The new legislation introduced in 2008 has meant that a lot more thought has had to go into the design of front gardens. How we use hard and soft landscaping materials in order to meet legislative requirements and address environmental issues is now vital to successfully delivering well-designed spaces. This has been great for promoting front gardens for their use other than car parking. Schemes such as front garden allotments where residents are supported with instructions and plants to start them off show that growing your own is more than just growing tomatoes’.
Environmental change is something that both customer and supplier have had to address over the past five years, what future trends are you seeing’
We forecast the emergence of low energy gardens in the future. Creating new gardens more often than not creates a negative carbon footprint but we’re starting to address this in what we use and what we plant in gardens. The sourcing of products including using locally grown plants and local materials are making a comeback. And when we design gardens we are already designing planting for climate change and accommodation water capture into our designs. In the long term it’s not beyond our imaginations to have wind generators in every garden within the next ten years.
What other trends do you see developing in the way we garden’
Despite the changes we’ve seen in the last ten years, the real revolution is just around the corner. There are lots of technologies, in materials in particular, which will change what we do. We’re already embracing computer controls and solar energy within our gardens but we know that in the future we will use materials that generate positive energy for our homes, that reduce the pollution in our cities and will make our gardening easier. We’re getting better at embracing recycled materials and old materials used in new ways such as accoya and beech for building.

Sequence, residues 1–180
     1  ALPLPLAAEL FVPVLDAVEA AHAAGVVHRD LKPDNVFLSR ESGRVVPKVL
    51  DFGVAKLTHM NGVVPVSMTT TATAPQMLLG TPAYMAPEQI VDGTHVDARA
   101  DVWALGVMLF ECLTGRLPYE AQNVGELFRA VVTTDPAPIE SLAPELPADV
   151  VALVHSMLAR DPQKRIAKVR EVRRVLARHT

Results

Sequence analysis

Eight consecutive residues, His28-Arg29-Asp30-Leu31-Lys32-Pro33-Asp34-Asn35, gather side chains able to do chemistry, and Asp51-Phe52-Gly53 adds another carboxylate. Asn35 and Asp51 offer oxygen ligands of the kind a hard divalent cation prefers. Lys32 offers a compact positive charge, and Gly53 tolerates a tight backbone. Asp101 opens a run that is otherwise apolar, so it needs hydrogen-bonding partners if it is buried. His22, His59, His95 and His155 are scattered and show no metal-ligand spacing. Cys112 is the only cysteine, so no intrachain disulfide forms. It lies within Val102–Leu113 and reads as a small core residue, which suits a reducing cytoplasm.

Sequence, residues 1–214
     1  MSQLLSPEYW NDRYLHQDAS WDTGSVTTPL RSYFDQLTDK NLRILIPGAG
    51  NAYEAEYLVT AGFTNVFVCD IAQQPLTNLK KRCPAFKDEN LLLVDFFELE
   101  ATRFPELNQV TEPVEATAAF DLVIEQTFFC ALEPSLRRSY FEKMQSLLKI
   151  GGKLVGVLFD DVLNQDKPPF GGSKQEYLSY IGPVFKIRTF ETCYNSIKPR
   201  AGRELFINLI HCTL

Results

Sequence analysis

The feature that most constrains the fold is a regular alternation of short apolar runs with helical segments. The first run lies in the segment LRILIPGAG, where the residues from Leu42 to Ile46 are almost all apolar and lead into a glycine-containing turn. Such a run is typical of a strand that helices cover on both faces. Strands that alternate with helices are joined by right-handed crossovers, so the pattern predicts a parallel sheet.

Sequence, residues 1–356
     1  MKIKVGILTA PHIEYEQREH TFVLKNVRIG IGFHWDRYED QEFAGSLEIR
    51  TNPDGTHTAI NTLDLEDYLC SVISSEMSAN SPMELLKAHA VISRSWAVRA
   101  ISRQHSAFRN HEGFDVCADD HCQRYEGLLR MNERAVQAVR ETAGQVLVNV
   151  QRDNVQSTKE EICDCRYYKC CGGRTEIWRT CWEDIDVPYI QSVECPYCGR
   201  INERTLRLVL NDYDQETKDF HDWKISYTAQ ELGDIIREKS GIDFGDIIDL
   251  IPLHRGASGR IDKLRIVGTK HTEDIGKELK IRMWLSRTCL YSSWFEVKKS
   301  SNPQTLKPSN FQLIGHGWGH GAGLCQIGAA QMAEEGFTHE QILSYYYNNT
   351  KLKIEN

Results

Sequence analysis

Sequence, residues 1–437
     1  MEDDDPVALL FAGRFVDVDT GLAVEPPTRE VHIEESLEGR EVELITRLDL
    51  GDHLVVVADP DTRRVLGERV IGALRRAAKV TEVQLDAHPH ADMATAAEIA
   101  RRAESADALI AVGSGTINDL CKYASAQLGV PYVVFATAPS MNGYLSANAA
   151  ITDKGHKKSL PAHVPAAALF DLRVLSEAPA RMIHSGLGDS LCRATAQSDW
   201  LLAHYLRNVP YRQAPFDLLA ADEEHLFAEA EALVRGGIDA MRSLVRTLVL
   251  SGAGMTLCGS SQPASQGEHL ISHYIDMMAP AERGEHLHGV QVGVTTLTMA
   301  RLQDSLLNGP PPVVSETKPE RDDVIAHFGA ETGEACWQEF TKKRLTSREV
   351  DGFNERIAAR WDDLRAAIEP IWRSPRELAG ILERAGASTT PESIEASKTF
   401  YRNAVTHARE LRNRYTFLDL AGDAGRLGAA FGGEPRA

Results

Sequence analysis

What effect will the changing climate have’
I find it interesting that our customers are aware of global warming and often ask for plants that will cope with hot weather. But their minds are focused on Mediterranean planting, when rising temperatures are already showing an increase in rainfall. I’ve put more drainage under lawns in the last 24 months than I did in the previous 24 years. Waterwise thinking must become the norm so that we capture water for when we really need it and design planting schemes that can cope with the extremes of wetter and dryer seasons.
What have you done in your business to adapt to change’
We are thinking smarter about how we do business. Over many years we have built up an international customer base that used to mean I’d be on a plane every fortnight. But we now think globally and act locally. With local staff supporting our customers and using technology to communicate with staff and customers our flight miles have reduced by almost 80% in 2 years. That helps both our profit margin and our environmental targets.
Andrew Fisher Tomlin will be speaking at the forthcoming free to attend Palmstead Soft landscaping Events on 23/24 September. www.palmstead.co.uk